Brief History of the Second Wisconsin:
Eastern Theatre Engagements of the Second Wisconsin
THE SECOND WISCONSIN VOLUNTEER REGIMENT AND
BATTERY B, 4TH U.S. ARTILLERY
The regiment was organized at Madison, Wis. on 11 June
1861 as a three year regiment.
They were issued Harper's Ferry muskets (converted flintlock) with 40 rounds of Buck & Ball ammunition. It was the first three year regiment arrive in Washington for the defense of the National Capitol after Lincoln issued his call for more troops to defend it. They arrived June 25 and marched through the streets 1000 strong. Three years later few were left. Their first engagement was Blackburn's Ford and First Bull Run under W T Sherman. The State had supplied them with gray uniforms, therefore they were fired upon by both sides. Despite this and their lack of experience,. they gave a good accounting of themselves against Stonewall Jackson's troops and held their ground until General Joseph E. Johnston, and his last contingent of reinforcements arrived from the Valley beating them back. In the retreat which soon turned into a rout for most Union Troops the Second withdrew in good order and fought rear guard action. In May 1862 the 2nd Regiment together with the 6th and 7th Wisconsin and 19th Indiana were placed under the command of Gen. John Gibbon.
He issued an order to standardize the uniform adding white gloves and gaiters to the dark blue frock coat, blue trousers, and requiring all to have a black felt hat, the most distinctive part of the uniform, the Hardee, or Jeff Davis, hat which was worn with the left brim turned up and a black plume on the right side. From this hat the brigade acquired the name "The Black Hat Brigade'.
At Fredericksburg, in order to have the regiments of the brigade in the same uniform, I had ordered all to be equipped with the regulation black felt hats. In the battle of Gainesville, the men we took prisoners asked who "'Those black hatted fellows were" they had been fighting and after that the men were accustomed to refer to themselves as "The Black Hat Brigade." How or where the name of the "Iron Brigade" was first given I do not know but soon after the battle of Antietam the name was started and ever after was applied to the brigade.
During the Battle of South Mountain, Md., Gibbon's men gave such a good account of themselves that Corps Commander Hooker referred to them as an 'Iron Brigade.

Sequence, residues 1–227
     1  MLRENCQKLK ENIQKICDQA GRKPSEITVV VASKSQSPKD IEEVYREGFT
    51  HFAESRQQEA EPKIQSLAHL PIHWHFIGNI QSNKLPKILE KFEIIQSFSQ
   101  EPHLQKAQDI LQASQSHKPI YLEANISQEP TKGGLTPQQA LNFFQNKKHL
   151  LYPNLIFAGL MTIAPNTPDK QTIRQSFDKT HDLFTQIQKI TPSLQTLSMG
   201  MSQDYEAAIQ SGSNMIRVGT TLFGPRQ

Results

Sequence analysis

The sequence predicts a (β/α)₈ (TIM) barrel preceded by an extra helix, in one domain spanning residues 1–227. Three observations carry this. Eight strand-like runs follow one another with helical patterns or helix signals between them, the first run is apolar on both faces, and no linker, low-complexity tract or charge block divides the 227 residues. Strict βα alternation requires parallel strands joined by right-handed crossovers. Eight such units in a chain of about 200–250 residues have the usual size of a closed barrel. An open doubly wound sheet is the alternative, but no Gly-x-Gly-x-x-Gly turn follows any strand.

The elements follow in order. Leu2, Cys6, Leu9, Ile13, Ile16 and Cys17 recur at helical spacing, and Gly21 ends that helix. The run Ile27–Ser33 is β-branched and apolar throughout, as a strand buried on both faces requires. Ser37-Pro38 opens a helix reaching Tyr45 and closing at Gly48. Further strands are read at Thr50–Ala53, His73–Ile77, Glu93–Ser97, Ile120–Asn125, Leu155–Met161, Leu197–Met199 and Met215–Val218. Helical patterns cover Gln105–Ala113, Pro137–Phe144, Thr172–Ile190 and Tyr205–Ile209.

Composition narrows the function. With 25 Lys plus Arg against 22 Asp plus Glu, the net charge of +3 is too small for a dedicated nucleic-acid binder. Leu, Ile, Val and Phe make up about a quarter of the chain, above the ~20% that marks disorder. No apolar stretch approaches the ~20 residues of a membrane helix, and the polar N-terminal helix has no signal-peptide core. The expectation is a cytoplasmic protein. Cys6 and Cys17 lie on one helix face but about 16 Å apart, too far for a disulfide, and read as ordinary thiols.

The name stuck with them for the rest of the war and forever after they retained the title
On one occasion Gen. McClellan said, "I have seen them under fire acting in such a manner as to reflect the greatest credit upon themselves and their State (Wis.). They are equal to the best soldiers in the world. It is not the numbers of men but the right kind of men that makes the 'IRON BRIGADE.' The BRIGADE was later joined by the 24th Michigan to help replace heavy losses sustained in battle.
Gen. John Gibbon
Gibbon's historic Battery B' of the 4th US. Artillery was
assigned to the Brigade for artillery support. The Battery had been organized in March 1821 and had participated in the
Florida War of 1837, at Odgensburg in 1842 and 1843 when there was Canadian frontier
trouble. In 1845 it was in General Taylor's Army of Observation's the Rio Grande and in
the Mexican War provided distinguished service at Buena Vista, To fill out its ranks,
from the volunteer regiments in the Brigade were selected, and attached to the Battery, many from the Second Wisconsin.
|Second Wisconsin Volley, Antietam|
They were at Bull Run, Gainesville, Second Bull Run, South Mountain and Antietam and Gettysburg and Orange Court House, Beaver Dam Station, Rappahannock Station, Sulfur Springs Fredricksburg, Fizhugh's Crossing, Chancellorsville, Brandy Station, Wilderness, Laurel Hill, Spotsylvania, North Anna, Jericho Ford, Bethesda Church, and Cold Harbor.
The Second Wisconsin fought in most of the major battles in the Virginia, Maryland and Pennsylvania area. It may be there is no prouder record of service in the Union Army that that of the Second Wisconsin Volunteer Infantry Regiment. No other regiment in the entire Union Army was as active and sustained as great a percentage of killed in the saving of the Union.
Regimental Losses In The American Civil War 1861-1865
By William F. Fox, Lt. Col., U.S. V.
President Of The Society Of The Twelfth Army Corps; Late President Of The 10th N.Y. Veteran
Volunteers' Association; And Member Of The New York Historical Society.
Albany Publishing Company
KILLED AND DIED OF WOUNDS.
|1st Maine H. Art'y||Birney's||Second||2202||423||19.2|
|69th New York||Hancock's||Second||1513||259||17.1|
|11th Penn. Reserves||Crawford's||Fifth||1179||196||16.6|
|121st New York||Wright's||Sixth||1426||226||15.8|
|5th Kentucky||T.J. Wood's||Fourth||1020||157||15.3|
|79th U.S. Colored||Thayer's||Seventh||1249||188||15|